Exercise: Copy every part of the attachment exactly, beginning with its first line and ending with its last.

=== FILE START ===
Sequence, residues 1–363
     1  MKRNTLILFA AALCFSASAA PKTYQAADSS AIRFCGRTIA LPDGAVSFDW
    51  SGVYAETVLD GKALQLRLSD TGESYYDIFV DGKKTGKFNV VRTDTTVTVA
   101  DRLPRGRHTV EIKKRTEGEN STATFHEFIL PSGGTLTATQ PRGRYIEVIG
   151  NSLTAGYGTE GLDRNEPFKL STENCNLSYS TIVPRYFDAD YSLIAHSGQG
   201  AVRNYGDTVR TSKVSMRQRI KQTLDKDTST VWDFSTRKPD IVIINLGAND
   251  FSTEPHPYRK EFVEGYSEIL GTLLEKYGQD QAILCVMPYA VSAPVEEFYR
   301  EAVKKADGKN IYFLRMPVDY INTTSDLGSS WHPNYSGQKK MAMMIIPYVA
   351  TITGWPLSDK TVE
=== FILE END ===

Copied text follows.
Sequence, residues 1–363
     1  MKRNTLILFA AALCFSASAA PKTYQAADSS AIRFCGRTIA LPDGAVSFDW
    51  SGVYAETVLD GKALQLRLSD TGESYYDIFV DGKKTGKFNV VRTDTTVTVA
   101  DRLPRGRHTV EIKKRTEGEN STATFHEFIL PSGGTLTATQ PRGRYIEVIG
   151  NSLTAGYGTE GLDRNEPFKL STENCNLSYS TIVPRYFDAD YSLIAHSGQG
   201  AVRNYGDTVR TSKVSMRQRI KQTLDKDTST VWDFSTRKPD IVIINLGAND
   251  FSTEPHPYRK EFVEGYSEIL GTLLEKYGQD QAILCVMPYA VSAPVEEFYR
   301  EAVKKADGKN IYFLRMPVDY INTTSDLGSS WHPNYSGQKK MAMMIIPYVA
   351  TITGWPLSDK TVE